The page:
In part I of this exploration I set out Professor Jan Zielonka’s thinking on Neo-feudalism and the EU: his idea that in order to construct a functioning polity, instead of trying to ape a Westphalian model of centralised statehood an increasingly heterogenous European Union would do well to draw on medieval Europe’s plurality of power-centres and fluctuating borders. What originally caught my eye about Zielonka’s book was that it reminded me of a kind of macro-level manifestation of the concept of Neo-Feudal Techno-Communism, as developed by paracademic political scientist and creator Dr Justin Murphy.
According to some strands of Accelerationist thought, the increasing fragmentation of social life due to the radical decentralising effects of social media will eventually become so extreme that nation states themselves will break apart. In their place, new, highly localised communities will emerge, each based around their own particular life-world. In response to this return of the Hobbesian war of all-against-all, Murphy nonetheless draws on the Deleuzian concept of Lines-of-Flight to identify a number of liberatory Exits amongst the ruins, with one such speculative society being based on the aforementioned notion of Neo-Feudal Techno-Communism; a politico-economic model which seeks to enlist radical egoism in the service of radical equality under the rubric of radical honesty and smart contracts.
Under Neo-Feudal Techno-Communism, each participant would sign a smart contract stating that everyone in the commune will produce and be looked after from each according to their ability, to each according to their need (the Communist element), but that the most productive members of the community whom provide the most goods to be shared amongst everyone else will be fulsomely praised and respected (the Neo-Feudal element). The aim of such an arrangement would be to ensure a social system in which the most productive and creative people in society feel so sufficiently appreciated by the mass of the population — true respect being one of the very few commodities that cannot be bought, since its purchase would undermine the very truth of its freely given status — that they therefore continue to produce on behalf of the average or less-well-off citizen. A society so constituted would be protected against sedition through the requirement of all its inhabitants to adorn themselves with wearable tech, which would monitor their conversations and interactions (the Techno element). This system would ensure that should the citizens begin to plot against each other — even at the level of the individual lie — then this would be detected by the wearable tech, the agreed smart social contract would be rendered void, and through blockchain technology the offending individual or plotters would be excluded from all community services and would have to leave. Likewise, should any individual wish to leave the community for whatever reason of their own free will then they are perfectly at liberty to do so.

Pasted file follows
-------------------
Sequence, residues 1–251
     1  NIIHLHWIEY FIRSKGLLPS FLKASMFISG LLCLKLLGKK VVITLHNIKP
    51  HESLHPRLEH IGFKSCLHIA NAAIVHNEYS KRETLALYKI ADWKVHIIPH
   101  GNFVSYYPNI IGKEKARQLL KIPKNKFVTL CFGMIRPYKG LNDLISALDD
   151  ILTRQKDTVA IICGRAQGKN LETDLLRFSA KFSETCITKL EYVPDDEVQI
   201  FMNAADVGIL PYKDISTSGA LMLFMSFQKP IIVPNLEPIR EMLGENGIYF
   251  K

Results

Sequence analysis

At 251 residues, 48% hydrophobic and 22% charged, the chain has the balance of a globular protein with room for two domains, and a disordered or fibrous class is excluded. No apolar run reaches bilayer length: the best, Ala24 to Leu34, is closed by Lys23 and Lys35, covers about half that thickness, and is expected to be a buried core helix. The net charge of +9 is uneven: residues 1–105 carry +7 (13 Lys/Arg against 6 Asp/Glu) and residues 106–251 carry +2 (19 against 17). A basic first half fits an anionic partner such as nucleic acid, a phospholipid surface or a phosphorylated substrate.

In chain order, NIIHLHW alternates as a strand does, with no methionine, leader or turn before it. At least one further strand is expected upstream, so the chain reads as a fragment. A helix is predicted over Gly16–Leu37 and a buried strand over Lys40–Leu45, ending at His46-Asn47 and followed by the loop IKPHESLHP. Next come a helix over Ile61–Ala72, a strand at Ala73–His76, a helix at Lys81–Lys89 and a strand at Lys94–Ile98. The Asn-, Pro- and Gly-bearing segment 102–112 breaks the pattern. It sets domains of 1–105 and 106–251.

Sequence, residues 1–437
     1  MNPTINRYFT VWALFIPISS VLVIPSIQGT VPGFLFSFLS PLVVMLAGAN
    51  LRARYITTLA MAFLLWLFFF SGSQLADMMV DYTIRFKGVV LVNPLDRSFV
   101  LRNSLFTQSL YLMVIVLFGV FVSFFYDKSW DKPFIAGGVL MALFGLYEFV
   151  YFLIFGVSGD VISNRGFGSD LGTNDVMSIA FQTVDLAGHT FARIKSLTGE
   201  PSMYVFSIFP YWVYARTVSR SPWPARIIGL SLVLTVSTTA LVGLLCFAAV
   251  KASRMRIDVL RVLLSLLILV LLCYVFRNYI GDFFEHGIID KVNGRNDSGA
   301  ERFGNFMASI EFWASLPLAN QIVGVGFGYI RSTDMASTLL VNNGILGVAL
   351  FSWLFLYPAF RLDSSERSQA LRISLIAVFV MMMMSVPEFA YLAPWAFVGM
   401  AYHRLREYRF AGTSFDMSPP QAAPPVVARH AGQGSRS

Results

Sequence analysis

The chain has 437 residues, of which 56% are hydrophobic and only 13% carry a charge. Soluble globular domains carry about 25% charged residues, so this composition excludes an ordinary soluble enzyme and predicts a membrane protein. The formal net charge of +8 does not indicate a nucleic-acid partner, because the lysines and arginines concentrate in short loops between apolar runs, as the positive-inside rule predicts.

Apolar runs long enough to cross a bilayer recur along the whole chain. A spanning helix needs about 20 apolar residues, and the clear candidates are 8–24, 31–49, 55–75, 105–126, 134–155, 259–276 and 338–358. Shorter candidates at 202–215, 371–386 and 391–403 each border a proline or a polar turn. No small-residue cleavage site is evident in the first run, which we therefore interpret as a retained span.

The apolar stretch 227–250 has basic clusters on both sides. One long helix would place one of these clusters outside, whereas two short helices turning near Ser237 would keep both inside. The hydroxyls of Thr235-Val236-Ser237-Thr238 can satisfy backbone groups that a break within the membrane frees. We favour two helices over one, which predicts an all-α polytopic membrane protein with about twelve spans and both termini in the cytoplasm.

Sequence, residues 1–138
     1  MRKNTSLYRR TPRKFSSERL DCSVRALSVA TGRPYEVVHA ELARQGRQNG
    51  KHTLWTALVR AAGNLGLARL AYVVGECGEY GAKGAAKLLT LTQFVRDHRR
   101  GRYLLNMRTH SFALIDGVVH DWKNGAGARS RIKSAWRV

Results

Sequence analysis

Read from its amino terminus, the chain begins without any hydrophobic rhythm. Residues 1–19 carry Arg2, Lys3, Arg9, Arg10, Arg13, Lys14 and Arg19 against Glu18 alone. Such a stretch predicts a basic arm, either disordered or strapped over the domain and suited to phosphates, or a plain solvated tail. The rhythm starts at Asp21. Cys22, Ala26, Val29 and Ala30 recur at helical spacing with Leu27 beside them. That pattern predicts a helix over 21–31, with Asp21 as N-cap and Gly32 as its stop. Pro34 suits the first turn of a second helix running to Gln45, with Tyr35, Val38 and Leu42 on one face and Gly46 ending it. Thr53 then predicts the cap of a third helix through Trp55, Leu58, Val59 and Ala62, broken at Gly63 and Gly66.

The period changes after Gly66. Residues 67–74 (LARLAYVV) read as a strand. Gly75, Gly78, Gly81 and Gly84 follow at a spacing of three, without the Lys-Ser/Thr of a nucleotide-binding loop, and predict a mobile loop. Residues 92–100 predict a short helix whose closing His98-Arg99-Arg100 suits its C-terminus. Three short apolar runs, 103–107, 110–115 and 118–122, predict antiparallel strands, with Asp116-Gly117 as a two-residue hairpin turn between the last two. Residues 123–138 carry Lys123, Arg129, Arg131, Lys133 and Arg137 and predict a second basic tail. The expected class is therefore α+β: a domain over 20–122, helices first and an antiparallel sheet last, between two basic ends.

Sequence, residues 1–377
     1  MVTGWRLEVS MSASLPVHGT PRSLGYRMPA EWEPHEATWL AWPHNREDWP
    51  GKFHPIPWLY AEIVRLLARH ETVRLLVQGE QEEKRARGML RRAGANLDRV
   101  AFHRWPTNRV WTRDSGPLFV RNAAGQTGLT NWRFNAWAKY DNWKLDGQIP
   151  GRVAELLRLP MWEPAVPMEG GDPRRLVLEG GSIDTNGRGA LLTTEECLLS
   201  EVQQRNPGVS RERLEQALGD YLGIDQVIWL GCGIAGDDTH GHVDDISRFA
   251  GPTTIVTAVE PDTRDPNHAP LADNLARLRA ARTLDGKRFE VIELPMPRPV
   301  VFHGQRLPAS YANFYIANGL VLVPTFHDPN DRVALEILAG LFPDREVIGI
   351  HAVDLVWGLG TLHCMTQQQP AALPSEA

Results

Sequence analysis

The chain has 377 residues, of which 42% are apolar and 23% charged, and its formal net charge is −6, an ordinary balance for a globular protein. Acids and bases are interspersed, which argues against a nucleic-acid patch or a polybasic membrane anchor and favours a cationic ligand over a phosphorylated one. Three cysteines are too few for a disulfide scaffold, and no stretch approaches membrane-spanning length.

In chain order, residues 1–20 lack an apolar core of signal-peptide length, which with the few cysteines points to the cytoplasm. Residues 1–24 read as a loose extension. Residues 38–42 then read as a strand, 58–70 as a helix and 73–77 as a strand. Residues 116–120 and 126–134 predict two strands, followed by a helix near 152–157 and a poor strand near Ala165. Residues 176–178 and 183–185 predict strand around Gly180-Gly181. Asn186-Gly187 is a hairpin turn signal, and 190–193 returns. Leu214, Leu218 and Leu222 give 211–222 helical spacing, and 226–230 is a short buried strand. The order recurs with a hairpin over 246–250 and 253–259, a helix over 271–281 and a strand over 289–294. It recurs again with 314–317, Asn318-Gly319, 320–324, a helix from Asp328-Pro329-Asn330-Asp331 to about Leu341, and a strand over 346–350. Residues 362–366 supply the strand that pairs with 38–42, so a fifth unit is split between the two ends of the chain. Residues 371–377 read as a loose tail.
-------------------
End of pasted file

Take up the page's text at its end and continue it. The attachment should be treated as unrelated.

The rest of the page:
Being familiar with Murphy’s work and now that of Zielonka’s, there seemed to be something going on here at the level of discourse; certain ideas coursing through the ether which were informing both Zielonka’s and Murphy’s theorising at the international and domestic levels. As Murphy himself has stated, there appear to be two contradictory yet complementary forces acting on society and politics in the modern age: one, a centripetal force accruing power to the increasingly centralised nation-state; two, a centrifugal tendency towards social fragmentation experienced by individuals. I felt that the Strategic-Relational Approach (SRA) — the theoretical underpinning of my PhD thesis — could be deployed here to try and tease out the ideational relationship between these two levels of analysis, which appeared to me to be imbued with the ideational discourses of Voice and Exit.
In order to attempt this, however, it is important to back up for a minute and give a general explain of the SRA itself; and it is to just such an explanation that the third and final part of the Triptych will turn.